As baby boomers, we’ve seen a lot of senators come and go in Washington. Sad to say though, it can be hard these days to think of most of them — some would say any of them — as “lions of the Senate.” But baby boomer Carol Singer Viau, a writer in Waynesville, North Carolina, remembers one lion she got to know well, as she reflects on the beginning of her own career back in the turbulent 1960s.
The passing this past week of former Indiana Senator Birch Bayh affected me deeply, since I worked for him back in the day. I have spent time reflecting on his contributions as a legislator — and thinking about the era in which he served.
Growing up in Hammond, Indiana, my parents were active in Democratic politics. In the late 1950s, my dad took me to the state capitol in Indianapolis to serve as a page for the legislature, and it was there, as a young girl, I met Birch Bayh. He was the youngest Speaker of the House in Indiana history.
My family watched Bayh’s career over the years, and delighted in his election to the U.S. Senate in 1962. He represented the people of our state until 1980, three Senate terms. It ended when he lost to Dan Quayle in the 1980 Reagan landslide. Quayle, of course, went on to be Vice President under Reagan’s successor, George H.W. Bush.
In Bayh’s second senate campaign, I served as co-chairman of the Indiana University Students for Bayh. We were proud to support him as a progressive, yet down-home Hoosier, who cared about the common person.
And it got me into the thick of things at the chaotic Chicago Democratic National Convention in the summer of ’68. The whole world was watching protests, students being corralled by National Guard, and mayhem in the streets. I was one of several ‘Students for Bayh’ working there. The sights of soldiers and tanks in Lincoln Park, and of the National Guard, three-deep, with guns drawn, outside the Conrad Hilton Hotel are etched in my memories.
As a rising star in the Democratic party, Senator Bayh gave a speech at the convention — and being a TV-production major, I was asked to advise on his wardrobe for the nationally broadcast appearance.
Then, in the summer of ’69, after laboring hard on the student campaign, I was named as an intern in Bayh’s office in Washington.
To say I was caught up in the fervor and excitement of working on the Hill in 1969 is an understatement. It was an amazing time to be young and involved in politics. Young people like me had the feeling that we could change the world and we were proud to work for senators who were giants of historical figures. Hubert Humphrey, Eugene McCarthy, Ted Kennedy— they all were presidential candidates at one time or another and they were all around us.
One time, while walking through the capitol with Senator Bayh, he paused to look into the Senate floor from the gallery. “Let’s stop a minute,” he said. “Let’s listen to the debate going on. You’re not going to see something like this often.”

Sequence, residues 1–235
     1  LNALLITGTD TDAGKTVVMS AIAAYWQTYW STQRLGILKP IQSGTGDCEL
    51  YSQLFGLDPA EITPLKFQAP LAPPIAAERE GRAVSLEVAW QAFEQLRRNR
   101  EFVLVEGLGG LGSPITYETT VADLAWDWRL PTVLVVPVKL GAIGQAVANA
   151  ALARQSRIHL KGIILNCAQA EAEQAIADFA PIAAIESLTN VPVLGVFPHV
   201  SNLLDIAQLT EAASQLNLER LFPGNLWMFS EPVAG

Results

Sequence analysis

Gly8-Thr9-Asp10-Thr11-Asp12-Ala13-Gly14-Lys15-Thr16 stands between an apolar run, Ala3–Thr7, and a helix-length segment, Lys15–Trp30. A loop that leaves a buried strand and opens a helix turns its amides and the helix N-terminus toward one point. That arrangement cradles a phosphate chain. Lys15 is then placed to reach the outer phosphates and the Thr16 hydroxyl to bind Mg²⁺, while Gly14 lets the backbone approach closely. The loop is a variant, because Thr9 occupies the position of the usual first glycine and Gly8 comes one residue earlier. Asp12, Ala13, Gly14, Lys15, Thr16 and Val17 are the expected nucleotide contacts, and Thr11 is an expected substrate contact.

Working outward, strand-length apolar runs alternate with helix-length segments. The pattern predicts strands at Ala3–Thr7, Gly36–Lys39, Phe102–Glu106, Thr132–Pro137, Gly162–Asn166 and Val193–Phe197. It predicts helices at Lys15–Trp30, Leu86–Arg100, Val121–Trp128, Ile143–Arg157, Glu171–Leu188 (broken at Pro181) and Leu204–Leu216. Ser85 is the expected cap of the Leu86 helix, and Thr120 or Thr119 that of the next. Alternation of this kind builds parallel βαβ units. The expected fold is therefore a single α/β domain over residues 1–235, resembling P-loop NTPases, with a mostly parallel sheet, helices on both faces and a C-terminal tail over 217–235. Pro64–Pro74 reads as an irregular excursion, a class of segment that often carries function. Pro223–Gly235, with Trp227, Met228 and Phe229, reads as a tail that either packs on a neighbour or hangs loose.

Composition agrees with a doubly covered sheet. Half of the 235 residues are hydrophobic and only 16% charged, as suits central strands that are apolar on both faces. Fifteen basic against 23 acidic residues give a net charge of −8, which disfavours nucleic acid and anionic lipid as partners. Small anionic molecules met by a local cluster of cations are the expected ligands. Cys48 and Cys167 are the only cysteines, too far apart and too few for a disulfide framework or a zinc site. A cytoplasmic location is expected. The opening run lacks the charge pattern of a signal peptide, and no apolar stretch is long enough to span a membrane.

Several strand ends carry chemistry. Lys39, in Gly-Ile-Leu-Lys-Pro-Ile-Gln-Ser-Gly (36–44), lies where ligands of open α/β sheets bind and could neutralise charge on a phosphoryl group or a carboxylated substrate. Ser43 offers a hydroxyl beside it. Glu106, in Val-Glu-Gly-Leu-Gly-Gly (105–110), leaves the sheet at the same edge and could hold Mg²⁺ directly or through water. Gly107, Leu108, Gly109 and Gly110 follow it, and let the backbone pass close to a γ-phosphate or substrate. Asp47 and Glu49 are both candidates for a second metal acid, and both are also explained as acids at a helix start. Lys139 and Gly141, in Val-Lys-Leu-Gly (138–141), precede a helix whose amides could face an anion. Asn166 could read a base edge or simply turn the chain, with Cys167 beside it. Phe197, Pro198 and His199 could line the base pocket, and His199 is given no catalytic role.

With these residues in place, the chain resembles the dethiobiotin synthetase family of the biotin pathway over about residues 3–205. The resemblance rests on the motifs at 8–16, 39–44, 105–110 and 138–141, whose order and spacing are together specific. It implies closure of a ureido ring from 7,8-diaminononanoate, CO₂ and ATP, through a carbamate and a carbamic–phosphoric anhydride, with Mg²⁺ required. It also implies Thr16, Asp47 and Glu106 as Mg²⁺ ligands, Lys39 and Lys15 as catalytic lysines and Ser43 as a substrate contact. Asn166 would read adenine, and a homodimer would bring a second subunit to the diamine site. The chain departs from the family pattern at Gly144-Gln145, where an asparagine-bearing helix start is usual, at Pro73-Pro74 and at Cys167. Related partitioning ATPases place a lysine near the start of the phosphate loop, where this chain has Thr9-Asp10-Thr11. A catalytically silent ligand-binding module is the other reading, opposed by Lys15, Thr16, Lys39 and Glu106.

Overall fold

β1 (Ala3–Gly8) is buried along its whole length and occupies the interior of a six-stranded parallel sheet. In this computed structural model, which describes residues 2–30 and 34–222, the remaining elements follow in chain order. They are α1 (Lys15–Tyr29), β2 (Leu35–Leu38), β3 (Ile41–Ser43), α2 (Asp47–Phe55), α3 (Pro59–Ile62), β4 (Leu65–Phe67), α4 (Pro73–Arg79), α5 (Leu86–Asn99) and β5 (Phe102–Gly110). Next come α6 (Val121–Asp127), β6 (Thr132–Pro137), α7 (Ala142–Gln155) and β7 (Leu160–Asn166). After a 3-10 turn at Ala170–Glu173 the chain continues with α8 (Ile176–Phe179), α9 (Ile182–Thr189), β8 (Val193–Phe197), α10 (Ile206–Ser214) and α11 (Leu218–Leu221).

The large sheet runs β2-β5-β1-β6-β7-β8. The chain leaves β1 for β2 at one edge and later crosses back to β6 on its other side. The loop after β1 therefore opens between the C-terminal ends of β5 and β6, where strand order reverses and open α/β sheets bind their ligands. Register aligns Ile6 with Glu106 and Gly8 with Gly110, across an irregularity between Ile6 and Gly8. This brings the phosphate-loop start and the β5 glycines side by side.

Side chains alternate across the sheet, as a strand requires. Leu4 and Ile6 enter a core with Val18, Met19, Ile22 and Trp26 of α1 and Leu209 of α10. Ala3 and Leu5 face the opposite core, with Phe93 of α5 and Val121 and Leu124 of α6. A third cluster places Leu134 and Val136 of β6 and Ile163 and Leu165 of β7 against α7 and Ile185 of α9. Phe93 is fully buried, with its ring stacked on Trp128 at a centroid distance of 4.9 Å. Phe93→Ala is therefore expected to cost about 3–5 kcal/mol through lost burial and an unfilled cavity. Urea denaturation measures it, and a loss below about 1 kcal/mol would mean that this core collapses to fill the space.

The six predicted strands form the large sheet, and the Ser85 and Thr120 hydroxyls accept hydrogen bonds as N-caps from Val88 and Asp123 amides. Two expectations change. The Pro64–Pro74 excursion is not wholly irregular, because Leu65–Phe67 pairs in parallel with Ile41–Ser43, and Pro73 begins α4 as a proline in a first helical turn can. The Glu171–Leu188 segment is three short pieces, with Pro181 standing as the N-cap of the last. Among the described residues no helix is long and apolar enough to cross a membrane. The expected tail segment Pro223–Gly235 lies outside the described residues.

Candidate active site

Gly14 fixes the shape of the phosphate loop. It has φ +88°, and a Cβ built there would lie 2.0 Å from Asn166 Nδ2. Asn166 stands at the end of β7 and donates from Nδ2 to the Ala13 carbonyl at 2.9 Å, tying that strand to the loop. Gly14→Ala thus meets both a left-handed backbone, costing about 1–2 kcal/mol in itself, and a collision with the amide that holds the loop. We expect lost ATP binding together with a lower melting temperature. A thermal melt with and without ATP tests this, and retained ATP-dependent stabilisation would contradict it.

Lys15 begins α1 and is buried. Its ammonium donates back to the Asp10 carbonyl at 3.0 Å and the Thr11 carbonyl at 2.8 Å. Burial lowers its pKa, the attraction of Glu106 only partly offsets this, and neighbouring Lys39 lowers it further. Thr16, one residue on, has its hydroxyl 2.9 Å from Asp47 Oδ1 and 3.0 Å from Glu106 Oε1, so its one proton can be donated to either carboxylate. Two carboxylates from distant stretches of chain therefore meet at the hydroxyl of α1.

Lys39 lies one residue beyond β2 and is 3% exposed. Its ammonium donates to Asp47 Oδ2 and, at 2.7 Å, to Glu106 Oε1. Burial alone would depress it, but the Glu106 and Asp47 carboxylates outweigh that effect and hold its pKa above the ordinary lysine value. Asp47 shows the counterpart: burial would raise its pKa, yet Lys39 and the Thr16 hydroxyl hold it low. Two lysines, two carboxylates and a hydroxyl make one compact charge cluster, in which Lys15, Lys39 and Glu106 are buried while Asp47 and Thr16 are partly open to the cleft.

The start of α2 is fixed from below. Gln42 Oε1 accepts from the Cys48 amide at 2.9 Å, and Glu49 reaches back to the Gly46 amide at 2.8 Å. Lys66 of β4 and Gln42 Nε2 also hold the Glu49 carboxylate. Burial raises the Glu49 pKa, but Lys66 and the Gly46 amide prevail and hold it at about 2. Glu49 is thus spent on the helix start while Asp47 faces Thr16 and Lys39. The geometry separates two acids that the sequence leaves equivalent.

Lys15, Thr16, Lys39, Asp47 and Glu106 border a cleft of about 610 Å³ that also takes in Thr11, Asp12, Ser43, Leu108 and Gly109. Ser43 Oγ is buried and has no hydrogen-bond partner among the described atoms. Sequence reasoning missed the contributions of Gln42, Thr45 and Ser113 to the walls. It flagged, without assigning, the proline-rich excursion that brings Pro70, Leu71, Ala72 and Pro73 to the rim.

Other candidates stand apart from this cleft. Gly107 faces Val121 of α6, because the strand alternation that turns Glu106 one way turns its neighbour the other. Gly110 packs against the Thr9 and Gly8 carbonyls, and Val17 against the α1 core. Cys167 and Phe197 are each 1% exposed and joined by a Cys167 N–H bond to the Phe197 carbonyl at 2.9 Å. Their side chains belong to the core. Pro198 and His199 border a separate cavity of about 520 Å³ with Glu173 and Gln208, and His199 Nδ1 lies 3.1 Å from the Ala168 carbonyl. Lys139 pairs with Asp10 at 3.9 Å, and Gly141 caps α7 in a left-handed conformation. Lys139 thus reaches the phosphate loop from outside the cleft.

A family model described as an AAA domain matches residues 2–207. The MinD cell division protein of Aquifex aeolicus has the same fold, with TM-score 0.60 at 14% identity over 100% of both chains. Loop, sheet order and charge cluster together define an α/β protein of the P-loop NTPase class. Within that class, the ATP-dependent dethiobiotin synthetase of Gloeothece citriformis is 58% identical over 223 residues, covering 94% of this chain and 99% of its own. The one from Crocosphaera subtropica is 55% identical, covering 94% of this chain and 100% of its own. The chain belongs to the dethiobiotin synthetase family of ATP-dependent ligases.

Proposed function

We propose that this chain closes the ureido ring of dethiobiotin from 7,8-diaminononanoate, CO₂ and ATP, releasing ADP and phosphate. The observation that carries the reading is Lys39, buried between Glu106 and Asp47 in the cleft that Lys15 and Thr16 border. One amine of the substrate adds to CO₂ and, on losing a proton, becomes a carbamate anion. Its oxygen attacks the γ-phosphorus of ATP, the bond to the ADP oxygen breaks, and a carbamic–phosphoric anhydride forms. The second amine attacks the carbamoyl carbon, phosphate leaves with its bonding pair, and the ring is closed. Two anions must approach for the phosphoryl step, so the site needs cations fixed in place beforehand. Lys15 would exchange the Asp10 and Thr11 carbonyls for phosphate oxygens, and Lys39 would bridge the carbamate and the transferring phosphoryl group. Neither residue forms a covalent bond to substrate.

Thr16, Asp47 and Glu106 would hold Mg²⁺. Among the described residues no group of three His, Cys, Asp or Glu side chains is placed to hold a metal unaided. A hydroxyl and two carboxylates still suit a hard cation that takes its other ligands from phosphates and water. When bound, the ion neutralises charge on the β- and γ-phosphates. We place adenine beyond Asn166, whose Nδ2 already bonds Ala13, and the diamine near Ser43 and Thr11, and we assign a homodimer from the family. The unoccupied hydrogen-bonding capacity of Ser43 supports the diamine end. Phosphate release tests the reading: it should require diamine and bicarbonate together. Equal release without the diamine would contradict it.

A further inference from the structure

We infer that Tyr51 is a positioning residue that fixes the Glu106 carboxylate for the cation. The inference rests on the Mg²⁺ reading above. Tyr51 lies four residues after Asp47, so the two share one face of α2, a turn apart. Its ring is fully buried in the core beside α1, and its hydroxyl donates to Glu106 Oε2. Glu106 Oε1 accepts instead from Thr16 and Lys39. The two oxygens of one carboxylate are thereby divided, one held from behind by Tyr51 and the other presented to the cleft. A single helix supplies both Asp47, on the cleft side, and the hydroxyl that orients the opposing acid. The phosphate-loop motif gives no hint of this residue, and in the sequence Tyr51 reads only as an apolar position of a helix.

Alone in the Senate chamber were the Senate minority leader, Illinois Republican Everett Dirksen, debating Montana Democrat and majority leader Mike Mansfield. It was a bit of history.
Importantly, we felt that senators back then worked for the greater good. They got legislation done. Their contributions are lasting. No matter what party they represented.
Birch Bayh authored two important and lasting amendments to the Constitution, the 25th (presidential line of succession and removal of a president) and the 26th (giving 18-year-olds the vote). He was a chief Senate sponsor of the Equal Rights Amendment, and drafted Title IX, which barred sex discrimination at schools and colleges in all programs, including sports.
Tennis great Billie Jean King said this a few days ago about Bayh’s passing:
“… you simply cannot look at the evolution of equality in our nation without acknowledging the contributions and the commitment Senator Bayh made to securing equal rights and opportunities for every American. Senator Bayh will forever be my hero for guiding the Passage of the Title IX Amendments to the Higher Education Act… Birch Bayh was a man of integrity, a leader with unquestionable character and an American treasure.”
From my up-close-and-personal experience, he was a great legislator and worked tirelessly for the people of Indiana and the nation. He put his constituency above all else and understood the importance of bi-partisanship in government. His son, Evan Bayh, became Governor of Indiana, and later held his father’s Senate seat, carrying on the legacy.
I honor Birch Bayh’s life well-lived, and remember a better time when legislators worked for the common good.